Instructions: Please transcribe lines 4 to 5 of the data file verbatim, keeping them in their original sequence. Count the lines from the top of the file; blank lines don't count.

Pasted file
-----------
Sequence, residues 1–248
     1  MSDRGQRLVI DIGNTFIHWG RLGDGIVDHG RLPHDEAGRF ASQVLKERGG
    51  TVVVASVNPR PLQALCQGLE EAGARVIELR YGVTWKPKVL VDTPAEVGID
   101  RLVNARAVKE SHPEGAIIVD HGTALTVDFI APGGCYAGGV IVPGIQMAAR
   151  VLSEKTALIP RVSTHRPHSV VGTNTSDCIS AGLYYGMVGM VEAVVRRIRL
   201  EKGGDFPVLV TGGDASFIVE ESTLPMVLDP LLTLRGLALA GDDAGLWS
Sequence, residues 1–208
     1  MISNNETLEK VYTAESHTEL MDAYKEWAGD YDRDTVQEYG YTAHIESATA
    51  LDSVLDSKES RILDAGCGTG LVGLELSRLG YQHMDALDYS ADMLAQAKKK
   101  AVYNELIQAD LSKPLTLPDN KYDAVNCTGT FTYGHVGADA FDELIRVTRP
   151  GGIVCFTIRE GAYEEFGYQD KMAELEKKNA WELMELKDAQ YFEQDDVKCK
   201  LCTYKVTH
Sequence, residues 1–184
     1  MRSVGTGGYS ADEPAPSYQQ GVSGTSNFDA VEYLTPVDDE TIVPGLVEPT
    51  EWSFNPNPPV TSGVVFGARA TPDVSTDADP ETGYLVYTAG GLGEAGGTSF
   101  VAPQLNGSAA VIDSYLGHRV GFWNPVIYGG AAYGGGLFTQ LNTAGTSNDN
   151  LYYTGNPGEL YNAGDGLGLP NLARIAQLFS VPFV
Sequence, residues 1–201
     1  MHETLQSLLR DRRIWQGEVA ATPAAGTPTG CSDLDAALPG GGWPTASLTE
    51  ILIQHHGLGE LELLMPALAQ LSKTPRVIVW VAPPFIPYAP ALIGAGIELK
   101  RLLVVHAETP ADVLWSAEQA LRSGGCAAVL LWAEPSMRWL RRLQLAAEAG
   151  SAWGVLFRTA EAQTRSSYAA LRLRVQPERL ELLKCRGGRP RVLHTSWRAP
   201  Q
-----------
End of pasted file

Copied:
   101  RLVNARAVKE SHPEGAIIVD HGTALTVDFI APGGCYAGGV IVPGIQMAAR
   151  VLSEKTALIP RVSTHRPHSV VGTNTSDCIS AGLYYGMVGM VEAVVRRIRL